Baby names have long-lasting effects, for better or worse
Plenty of research suggests the name chosen impacts a baby's life well into adulthood.
Choosing a baby name proves to be a challenging task for many parents. And they're wise to work hard at it. A name can have a profound impact on a child that reverberates well into adulthood, a growing body of research suggests.Skip to next paragraph
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"There is a reason why baby name books are extremely popular," said David Figlio of Northwestern University in Illinois. "We're always trying to think about the first bit of a child's identity and so if we as a society pay a lot of attention to names it makes a lot of sense that people's names might influence how they think about themselves and the way in which people might think about them."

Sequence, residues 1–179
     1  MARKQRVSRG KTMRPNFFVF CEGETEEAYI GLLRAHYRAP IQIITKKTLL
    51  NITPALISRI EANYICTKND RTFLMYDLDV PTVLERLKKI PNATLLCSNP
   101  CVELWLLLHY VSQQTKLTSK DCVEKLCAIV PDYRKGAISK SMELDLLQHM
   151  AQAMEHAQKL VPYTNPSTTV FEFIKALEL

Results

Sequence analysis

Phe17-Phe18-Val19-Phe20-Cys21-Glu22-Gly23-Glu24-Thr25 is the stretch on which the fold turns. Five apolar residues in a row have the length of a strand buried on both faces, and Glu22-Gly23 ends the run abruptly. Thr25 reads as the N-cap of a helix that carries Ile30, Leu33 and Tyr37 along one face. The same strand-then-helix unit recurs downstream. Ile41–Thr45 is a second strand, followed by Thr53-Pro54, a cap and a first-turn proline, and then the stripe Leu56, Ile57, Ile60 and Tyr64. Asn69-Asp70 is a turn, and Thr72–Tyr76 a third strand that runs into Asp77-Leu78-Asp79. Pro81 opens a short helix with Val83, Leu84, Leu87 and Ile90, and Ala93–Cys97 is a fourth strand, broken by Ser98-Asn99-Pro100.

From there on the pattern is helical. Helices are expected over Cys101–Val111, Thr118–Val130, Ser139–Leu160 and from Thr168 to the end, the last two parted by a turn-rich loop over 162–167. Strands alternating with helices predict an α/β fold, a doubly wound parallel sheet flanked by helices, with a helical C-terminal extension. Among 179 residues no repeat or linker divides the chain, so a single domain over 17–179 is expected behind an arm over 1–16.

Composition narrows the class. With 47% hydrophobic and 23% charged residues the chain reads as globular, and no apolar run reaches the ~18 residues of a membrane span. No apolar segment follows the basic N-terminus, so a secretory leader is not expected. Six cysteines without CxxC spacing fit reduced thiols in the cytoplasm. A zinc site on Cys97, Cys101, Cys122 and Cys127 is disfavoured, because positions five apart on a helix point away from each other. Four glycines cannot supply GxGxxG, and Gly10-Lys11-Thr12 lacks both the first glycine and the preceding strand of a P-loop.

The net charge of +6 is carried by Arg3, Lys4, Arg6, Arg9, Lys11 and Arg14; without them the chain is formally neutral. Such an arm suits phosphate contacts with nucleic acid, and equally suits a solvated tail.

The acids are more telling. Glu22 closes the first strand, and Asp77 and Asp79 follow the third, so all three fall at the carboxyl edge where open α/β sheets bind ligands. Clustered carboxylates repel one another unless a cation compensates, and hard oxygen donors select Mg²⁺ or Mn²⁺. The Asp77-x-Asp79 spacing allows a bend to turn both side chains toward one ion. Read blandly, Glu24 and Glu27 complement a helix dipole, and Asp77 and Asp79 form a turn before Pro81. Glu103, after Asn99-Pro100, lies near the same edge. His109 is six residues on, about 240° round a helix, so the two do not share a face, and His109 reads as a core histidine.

Plenty of research suggests the name chosen impacts a baby's life well into adulthood. For instance, donning your newborn boy with a girly sounding name could mean behavioral problems later in life. And unique baby names that only your child will have can be a hardship too.
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A British study of 3,000 parents released in May suggests one-in-five parents regret the name they chose for a child, many of whom were distressed over the unusual or oddly spelled names they'd chosen. And even those who didn't explicitly regret the name choice admitted there were names they knew now they wished they'd chosen then, according to the study conducted by Bounty.com. [List of history's most popular baby names.]
Boys with names traditionally given to girls are more likely to misbehave than their counterparts with masculine names, research suggests.
When in elementary school, boys named Ashley and Shannon, for instance, behave just like their more masculine-named classmates named Brian and other boyish names.